HAMTRAMCK — Saad Almasmari is once again serving the Hamtramck community on its City Council, after former Councilwoman Andrea Karpinski resigned following years of bitter disputes within the body.
Almasmari had previously served since 2015, but failed to recapture his seat at last year’s election. During that reelection campaign, his outstanding property tax debt put his eligibility in question, per the city’s charter.
That question became irrelevant when he failed to secure his seat in the November 2019 election anyway.
With Karpinski resigning, Almasmari was in line to be take her place as the person who received the required amount of votes in the previous election. With his tax debt still outstanding in the days leading up to his reappointment, according to public records, his chances on serving on the Council again came under jeopardy.
But Almasmari cleared his tax debt, with city officials certifying he did, before four City Council members — Mohammed Hassan, Nayeem Choudhury, Fadel Al-Marsoumi and Mohammed Alsomiri — voted him in last week. Councilman Ian Perrotta voted against the appointment.
Many speculated that Almasmari had help paying off his past-due taxes, which amounted to a little over $3,600. Rumors on the city’s public Facebook groups pointed to the possibility that Zoning Board of Appeals member Nasr Hussain may have helped Almasmari, but no real evidence of that surfaced.
I paid my taxes, no one helped me, no one paid for me. I don’t think any logical person believes that someone will pay for someone to get into Council — Councilman Saad Almasmari
The Arab American News reached out to Almasmari regarding the issue.
“I felt that my community needs me to serve it through Council and therefore I had to accept the seat,” Almasmari said.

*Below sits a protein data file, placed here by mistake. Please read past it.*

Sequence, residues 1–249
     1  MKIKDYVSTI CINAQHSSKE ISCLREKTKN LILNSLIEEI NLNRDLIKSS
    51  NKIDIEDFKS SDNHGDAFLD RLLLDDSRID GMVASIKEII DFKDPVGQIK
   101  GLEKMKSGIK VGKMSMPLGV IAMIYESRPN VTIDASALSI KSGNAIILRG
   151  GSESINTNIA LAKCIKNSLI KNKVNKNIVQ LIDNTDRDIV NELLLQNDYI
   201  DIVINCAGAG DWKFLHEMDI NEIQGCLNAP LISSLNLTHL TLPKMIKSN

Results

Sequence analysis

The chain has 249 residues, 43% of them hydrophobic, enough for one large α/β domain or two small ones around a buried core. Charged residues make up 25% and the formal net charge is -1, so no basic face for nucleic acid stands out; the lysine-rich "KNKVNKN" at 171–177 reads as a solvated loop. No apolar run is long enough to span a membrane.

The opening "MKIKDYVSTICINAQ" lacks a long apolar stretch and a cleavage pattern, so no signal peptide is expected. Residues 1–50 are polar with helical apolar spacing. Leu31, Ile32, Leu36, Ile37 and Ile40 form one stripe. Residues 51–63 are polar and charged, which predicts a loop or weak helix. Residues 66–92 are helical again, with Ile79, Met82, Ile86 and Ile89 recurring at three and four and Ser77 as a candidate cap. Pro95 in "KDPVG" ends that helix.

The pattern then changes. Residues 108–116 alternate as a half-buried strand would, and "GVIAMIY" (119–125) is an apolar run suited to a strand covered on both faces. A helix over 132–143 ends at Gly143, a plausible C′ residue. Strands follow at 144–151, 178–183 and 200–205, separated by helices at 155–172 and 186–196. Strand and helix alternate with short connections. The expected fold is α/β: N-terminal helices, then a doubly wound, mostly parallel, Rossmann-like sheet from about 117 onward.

On the tax issue, Almasmari said he paid his own debts and no one helped him.
“I’m a very stable person,” he said. “Yes, I had some back taxes that I didn’t pay due to the financial impact of the pandemic. People have not been working, most companies and jobs are on hold. Once I heard I was up for this appointment, I knew I had to (clear) my taxes. I paid my taxes, no one helped me, no one paid for me. I don’t think any logical person believes that someone will pay for someone to get into Council.”
He said he hasn’t seen Hussain since this summer.
Marijuana a “hot topic”
Almasmari spoke of the “hot topic” of marijuana in Hamtramck and said he will try his best to stop the influx of recreational pot businesses. The Council has already passed an ordinance banning marijuana, though there is a dispensary already in operation, another that now has a license and at least one more business in the works.
The absence of Al-Marsoumi and former Councilman Anam Miah from a vote on a proposed ban last year meant Hamtramck has had no laws blocking such businesses for the better part of a year. The businesses quietly, and legally, set up shop in that time.
“Unfortunately, two Council members being absent, with or without purpose, from that vote allowed these business to open,” Almasmari said.
Almasmari has hinted that those Muslim Council members’ absence from the earlier vote showed they weren’t serious about banning marijuana. Al-Marsoumi has asked why Almasmari didn’t move the vote to a different day when he got prior notice of their absence. Almasmari has questioned why Al-Marsoumi and the new Council didn’t revisit the subject earlier this year, knowing the consequences of having no ordinance on the books.
I’m sure that at least one of those two members are okay with marijuana and support it and that’s why they were absent. Even if we had postponed the resolution… they would have voted against it or been absent again – Almasmari
Such debate shows at least some discord within the Muslim community about who’s to blame for the previous inaction of its own majority Council. That community is largely united against recreational marijuana facilities in their neighborhoods, for various cultural and religious reasons, though they are not alone in opting-out of the booming marijuana industry (more than 1,300 other Michigan communities have opted-out as well).
“I’m sure that at least one of those two members are okay with marijuana and support it and that’s why they were absent,” Almasmari said. “Even if we had postponed the resolution and brought it back, they would have voted against it or been absent again. I’m a 100 percent sure they were not okay with (that resolution).”